I'm a new member to this forum and this is my first posting. I thought I'd share with you my experience thus far with my first M&P pistol.
I've been reading other member's posts about the M&P for some time now, as I've been interested in purchasing one. I've just been waiting until all of the initial "kinks" have been worked out of a relatively new design before buying one. Thanks in part to the information and experiences posted by other members of this forum, and in larger part to a year-end bonus, I finally decided to take the plunge and get a full-size M&P .40.
I'm quite impressed with the ergonomics of the pistol, to say the least. Fit and finish are also quite respectable. The trigger needs some working in, but I'm sure it will smooth out over time. I'm very much looking forward to shooting it in the near future.
As with any new gun purchase, I try to inspect the pistol as much as possible for any visible defects or functional problems before I sign on the dotted line. I did the same when purchasing the M&P. Seeing no visible problems, I believed I had a keeper in hand and one quick swipe of the Amex and BG check later, and it was mine.
Once I bring any new firearm home, I like to fieldstrip it and clean out the factory test firing residue and lube it properly. When I inspected the bore at the gunshop, it was heavily covered in carbon from factory test firing and I couldn't really check the quality of the rifling. Once I had the bore properly cleaned, I immediately discovered a boo-boo in the rifling.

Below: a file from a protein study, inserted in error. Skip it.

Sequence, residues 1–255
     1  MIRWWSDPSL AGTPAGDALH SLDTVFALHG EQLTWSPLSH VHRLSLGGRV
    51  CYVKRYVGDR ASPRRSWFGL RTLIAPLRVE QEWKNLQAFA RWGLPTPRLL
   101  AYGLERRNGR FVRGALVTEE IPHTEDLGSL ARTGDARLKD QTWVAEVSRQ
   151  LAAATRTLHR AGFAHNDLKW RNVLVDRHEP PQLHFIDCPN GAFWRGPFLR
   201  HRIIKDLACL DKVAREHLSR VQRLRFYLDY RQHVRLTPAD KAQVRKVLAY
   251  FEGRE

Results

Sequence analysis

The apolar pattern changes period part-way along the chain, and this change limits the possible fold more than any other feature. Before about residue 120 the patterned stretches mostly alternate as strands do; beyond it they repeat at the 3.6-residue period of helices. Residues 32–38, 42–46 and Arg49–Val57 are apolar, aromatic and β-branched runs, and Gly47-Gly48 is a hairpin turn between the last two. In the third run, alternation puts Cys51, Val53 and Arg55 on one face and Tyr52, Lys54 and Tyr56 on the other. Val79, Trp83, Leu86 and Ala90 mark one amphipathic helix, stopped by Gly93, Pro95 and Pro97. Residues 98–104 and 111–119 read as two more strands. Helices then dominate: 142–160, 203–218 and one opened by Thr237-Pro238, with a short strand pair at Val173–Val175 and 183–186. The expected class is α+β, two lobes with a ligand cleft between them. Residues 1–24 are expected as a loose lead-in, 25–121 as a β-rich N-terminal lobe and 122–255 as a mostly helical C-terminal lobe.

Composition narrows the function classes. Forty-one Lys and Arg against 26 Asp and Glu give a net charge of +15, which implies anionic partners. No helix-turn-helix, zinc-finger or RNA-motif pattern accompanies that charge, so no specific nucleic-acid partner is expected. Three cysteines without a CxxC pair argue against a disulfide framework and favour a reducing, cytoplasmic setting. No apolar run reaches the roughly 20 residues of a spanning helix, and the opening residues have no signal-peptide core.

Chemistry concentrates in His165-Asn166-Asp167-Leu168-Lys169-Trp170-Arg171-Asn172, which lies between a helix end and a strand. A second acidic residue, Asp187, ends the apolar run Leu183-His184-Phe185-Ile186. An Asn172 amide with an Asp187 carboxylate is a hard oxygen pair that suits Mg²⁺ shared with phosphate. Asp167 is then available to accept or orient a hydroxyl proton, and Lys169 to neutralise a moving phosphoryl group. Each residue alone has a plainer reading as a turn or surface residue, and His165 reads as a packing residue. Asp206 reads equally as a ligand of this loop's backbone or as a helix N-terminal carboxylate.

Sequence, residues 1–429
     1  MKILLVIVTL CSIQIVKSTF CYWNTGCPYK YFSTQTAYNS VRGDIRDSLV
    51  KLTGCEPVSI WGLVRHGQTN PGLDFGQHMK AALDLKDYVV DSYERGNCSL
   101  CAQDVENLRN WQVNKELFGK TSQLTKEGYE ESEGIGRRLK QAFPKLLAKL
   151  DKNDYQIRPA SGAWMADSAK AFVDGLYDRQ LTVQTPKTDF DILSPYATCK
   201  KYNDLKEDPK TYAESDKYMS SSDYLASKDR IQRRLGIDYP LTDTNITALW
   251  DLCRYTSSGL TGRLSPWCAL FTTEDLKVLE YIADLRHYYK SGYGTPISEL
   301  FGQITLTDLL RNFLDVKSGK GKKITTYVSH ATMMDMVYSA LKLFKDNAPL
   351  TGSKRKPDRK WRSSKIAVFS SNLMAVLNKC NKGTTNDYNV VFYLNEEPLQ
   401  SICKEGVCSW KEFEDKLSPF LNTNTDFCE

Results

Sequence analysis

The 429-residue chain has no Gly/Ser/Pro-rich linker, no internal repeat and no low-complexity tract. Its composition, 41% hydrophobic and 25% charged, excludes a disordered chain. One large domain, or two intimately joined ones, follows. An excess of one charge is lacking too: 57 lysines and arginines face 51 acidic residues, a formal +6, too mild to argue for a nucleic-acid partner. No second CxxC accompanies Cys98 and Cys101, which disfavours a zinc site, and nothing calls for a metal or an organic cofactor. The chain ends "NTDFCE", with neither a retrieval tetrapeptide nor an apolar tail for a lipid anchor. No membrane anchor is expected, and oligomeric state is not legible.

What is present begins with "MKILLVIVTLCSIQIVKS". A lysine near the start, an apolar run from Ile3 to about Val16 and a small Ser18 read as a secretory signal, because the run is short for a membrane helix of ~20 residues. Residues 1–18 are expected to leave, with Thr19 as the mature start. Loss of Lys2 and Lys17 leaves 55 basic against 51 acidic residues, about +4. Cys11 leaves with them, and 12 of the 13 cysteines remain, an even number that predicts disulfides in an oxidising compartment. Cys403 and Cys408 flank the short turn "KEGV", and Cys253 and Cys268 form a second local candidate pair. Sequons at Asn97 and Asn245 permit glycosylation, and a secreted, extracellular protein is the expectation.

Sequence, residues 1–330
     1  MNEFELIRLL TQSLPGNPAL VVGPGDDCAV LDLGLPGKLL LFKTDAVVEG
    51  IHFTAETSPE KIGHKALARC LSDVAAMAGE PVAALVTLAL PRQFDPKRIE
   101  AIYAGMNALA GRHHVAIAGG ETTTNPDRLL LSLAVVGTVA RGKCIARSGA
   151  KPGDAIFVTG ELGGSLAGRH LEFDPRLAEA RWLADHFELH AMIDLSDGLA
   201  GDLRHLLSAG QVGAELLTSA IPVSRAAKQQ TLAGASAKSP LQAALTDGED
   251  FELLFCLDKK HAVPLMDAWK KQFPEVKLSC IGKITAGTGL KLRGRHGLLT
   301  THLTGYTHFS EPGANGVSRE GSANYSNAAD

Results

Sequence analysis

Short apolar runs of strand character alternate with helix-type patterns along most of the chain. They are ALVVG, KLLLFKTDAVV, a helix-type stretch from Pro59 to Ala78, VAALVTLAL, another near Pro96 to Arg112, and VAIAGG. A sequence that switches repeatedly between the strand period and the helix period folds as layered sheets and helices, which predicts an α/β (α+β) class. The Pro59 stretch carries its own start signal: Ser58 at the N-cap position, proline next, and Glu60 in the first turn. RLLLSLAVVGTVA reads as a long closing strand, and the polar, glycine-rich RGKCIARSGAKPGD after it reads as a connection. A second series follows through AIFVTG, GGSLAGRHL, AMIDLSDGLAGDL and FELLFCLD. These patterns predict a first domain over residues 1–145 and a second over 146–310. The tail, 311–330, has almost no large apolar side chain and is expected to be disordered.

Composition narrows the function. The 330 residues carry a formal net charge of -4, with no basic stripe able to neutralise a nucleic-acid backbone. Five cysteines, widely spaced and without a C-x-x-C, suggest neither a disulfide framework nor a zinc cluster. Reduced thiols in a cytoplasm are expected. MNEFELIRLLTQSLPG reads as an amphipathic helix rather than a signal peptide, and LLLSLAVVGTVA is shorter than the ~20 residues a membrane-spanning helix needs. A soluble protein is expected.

Approximately 1/2 inch into the rifling lengthwise from the chamber end, all of the lands, save one, have a hairline nick or gouge of unknown depth in them running perpendicularly through the lands, circumferentially around the inside of the bore. The adjacent groves appear to be OK. I have never seen a manufacturing defect of this sort in any other firearm I have owned or inspected. I have always been of the understanding that the rifling in a bore should always be free of such defects as they: a. form a cavity where fouling will have a natural tendency to build up; b. negatively affect accuracy; c. form a natural propagation point for a stress fracture. If it was just one gouge on one land, I probably wouldn't worry about it. Knowing that the .40 S&W is a hot, high pressure pistol round to begin with, I prefer to be on the anal retentive side and get a replacement barrel.
I called S&W yesterday and they're sending out a prepaid shipping label so they can inspect it. I'm sure they'll be interested to know how it got past their QC inspectors and what part of the manufacturing process caused this. I'm disappointed because I really would like to shoot it now, but I understand that these things happen every now and then. I feel kind of like a kid who got a new bike for Christmas but soon discovered the seat was missing from the box. Manufacturing marks and dings on other less important places in a firearm don't really bother me much, especially ones you can't see on the outside. However in this case, especially in a brand new firearm, I'm not going to accept damaged goods to begin with. Hopefully, my next post will be a my first M&P range report describing lots of .40 diameter holes through the 10x.
I'd be especially interested in any insights some experienced gunsmiths can offer on this. Am I being too anal retentive, or just prudent.